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A part of the Republican Party rises up against Trump to end his “poisonous conspiracies”

Republican Congressman from Illinois Adam Kinzinger has launched a new “movement” within the party known as ‘Country First’ with the goal, he said, of ending the “poisonous conspiracies and lies” that characterized the administration of former President Donald Trump.

“The Republican Party has lost its way. If we are going to lead again, we need to muster up enough courage to remember who we are,” Kinzinger said in a video posted on the “movement” ‘Country First’ website.

Kizinger, who has also warned that the future of the party “is at stake,” assures that he was not surprised by the, in his opinion, derived from the conservative formation, since “he had been observing the rhetoric that led to that day.” in reference to the attack on the Capitol carried out by Trump supporters.

“It was something that happens in a failed nation or in a banana republic; not in the largest nation the world has known,” he stressed. “We have to do some difficult things, but after all, in history it stands out for moments like these.”

The Kinzinger campaign is the next step for a faction of the Republican Party unhappy with the drift that has taken the formation after four years of Donald Trump as head of the White House.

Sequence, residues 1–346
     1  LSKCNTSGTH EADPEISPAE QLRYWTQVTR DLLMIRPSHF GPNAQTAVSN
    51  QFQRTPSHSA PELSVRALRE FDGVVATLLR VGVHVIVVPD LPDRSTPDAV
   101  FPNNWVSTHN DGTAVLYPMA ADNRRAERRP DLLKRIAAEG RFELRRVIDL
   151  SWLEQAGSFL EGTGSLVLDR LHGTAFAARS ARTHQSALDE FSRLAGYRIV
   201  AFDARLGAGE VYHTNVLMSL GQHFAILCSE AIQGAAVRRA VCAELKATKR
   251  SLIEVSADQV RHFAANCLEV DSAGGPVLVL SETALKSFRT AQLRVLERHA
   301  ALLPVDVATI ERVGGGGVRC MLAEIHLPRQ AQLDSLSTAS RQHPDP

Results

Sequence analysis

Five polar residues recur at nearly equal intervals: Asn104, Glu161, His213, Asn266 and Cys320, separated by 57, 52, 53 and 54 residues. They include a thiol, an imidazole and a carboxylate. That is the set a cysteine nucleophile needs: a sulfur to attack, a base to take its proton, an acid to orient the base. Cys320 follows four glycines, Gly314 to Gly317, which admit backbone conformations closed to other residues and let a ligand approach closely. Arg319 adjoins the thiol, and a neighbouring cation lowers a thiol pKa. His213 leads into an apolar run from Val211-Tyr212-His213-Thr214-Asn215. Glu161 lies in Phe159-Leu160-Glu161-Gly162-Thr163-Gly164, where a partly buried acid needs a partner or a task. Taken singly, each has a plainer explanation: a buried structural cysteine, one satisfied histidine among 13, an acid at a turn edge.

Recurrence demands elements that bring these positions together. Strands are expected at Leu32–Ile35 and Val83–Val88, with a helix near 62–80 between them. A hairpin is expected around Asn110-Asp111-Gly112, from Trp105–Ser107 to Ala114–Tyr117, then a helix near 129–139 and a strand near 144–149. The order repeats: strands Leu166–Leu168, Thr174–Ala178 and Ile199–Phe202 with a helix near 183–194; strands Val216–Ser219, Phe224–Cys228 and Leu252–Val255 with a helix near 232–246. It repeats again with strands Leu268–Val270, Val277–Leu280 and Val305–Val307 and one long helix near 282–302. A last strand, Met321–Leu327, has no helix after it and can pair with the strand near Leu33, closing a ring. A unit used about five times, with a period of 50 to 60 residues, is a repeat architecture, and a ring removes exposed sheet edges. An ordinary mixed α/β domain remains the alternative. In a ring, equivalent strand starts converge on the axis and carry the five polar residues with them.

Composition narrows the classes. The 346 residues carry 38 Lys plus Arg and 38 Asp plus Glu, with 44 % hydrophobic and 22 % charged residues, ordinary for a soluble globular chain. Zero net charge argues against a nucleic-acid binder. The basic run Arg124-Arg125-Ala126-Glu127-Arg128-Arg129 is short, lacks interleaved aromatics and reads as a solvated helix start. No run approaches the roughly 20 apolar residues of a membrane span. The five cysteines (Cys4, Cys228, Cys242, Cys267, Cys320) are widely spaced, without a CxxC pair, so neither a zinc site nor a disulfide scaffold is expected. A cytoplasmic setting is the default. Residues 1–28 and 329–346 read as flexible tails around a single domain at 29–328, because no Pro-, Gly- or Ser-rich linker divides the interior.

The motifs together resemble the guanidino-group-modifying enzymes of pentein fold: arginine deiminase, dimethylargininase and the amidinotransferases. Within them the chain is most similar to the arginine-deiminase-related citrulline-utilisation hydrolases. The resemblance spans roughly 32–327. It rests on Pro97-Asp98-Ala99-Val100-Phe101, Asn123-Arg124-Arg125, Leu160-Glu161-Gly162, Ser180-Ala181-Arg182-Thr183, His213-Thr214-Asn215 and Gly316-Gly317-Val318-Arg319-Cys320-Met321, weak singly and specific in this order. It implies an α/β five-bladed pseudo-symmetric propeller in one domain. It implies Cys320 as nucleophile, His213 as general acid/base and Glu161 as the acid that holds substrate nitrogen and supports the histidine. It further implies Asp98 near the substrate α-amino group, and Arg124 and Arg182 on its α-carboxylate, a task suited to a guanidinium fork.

The Illinois representative was one of the ten who skipped party discipline by voting in favor of the impeachment against Trump launched by Democrats in the House a month ago.

In a recent interview for CNN, Kizinger has questioned his future within the party, after some of his colleagues have received pressure from the top after their support for the Democratic proposal to prosecute Trump for “insurrection.” and “encouraging riots” on January 6.

“I did it knowing very well that it could be very detrimental to my career,” he said on that occasion, coinciding with the criticism that the Republican congresswoman from Wyoming, Liz Cheney, the third highest ranking within the Republican Party in the House of Representatives, received by some colleagues, who demanded his resignation after supporting the ‘impeachment’.

The United States House of Representatives, with a large Democratic majority, approved on January 13 to initiate an ‘impeachment’ against Donald Trump, in a vote in which up to ten Republicans gave their support.

However, the slim majority that the Democratic Party has in the Senate – it can only be reached with the tiebreaker vote of Vice President Kamala Harris – forces them to have at least the support of 17 Republican senators so that the initiative of ‘impeachment’ can succeed.

Trump will become the first president of the United States to be subjected to two such trials after he was acquitted in February 2020 after being accused of abuse of power and obstruction of Congress for pressuring Ukrainian leaders to investigate Joe Biden and his son Hunter for their business activities.

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